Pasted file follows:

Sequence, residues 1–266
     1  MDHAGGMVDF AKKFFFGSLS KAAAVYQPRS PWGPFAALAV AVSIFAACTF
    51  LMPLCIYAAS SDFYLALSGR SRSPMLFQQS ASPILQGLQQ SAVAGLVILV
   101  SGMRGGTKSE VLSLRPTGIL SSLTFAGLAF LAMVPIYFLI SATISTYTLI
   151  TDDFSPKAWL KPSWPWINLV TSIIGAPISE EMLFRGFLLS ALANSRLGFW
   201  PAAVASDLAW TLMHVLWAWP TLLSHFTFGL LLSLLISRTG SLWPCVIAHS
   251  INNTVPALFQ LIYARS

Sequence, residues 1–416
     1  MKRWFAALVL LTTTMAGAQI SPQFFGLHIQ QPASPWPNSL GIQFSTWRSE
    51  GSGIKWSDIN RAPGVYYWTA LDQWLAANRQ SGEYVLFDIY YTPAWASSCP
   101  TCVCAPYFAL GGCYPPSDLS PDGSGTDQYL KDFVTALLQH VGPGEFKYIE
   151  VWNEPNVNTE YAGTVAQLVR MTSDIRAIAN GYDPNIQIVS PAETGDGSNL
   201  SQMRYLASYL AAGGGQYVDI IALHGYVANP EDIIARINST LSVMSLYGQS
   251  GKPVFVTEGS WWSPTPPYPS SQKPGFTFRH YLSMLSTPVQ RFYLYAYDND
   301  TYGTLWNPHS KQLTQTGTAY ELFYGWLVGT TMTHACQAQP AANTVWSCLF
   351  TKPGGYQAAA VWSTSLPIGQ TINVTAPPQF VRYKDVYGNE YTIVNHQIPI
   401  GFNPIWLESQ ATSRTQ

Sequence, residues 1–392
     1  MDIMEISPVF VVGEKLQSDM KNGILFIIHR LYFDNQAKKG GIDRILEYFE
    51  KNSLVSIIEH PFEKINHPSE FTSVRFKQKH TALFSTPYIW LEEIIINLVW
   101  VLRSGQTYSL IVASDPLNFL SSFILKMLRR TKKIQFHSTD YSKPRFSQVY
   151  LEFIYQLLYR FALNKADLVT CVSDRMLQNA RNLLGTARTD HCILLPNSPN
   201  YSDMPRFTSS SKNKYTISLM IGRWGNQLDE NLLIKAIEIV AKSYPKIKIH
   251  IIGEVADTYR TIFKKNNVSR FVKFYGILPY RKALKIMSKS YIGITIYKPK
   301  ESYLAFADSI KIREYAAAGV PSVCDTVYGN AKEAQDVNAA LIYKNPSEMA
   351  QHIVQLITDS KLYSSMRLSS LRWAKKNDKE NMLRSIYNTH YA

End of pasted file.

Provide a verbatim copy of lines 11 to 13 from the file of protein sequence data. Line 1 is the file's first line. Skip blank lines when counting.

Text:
   101  TCVCAPYFAL GGCYPPSDLS PDGSGTDQYL KDFVTALLQH VGPGEFKYIE
   151  VWNEPNVNTE YAGTVAQLVR MTSDIRAIAN GYDPNIQIVS PAETGDGSNL
   201  SQMRYLASYL AAGGGQYVDI IALHGYVANP EDIIARINST LSVMSLYGQS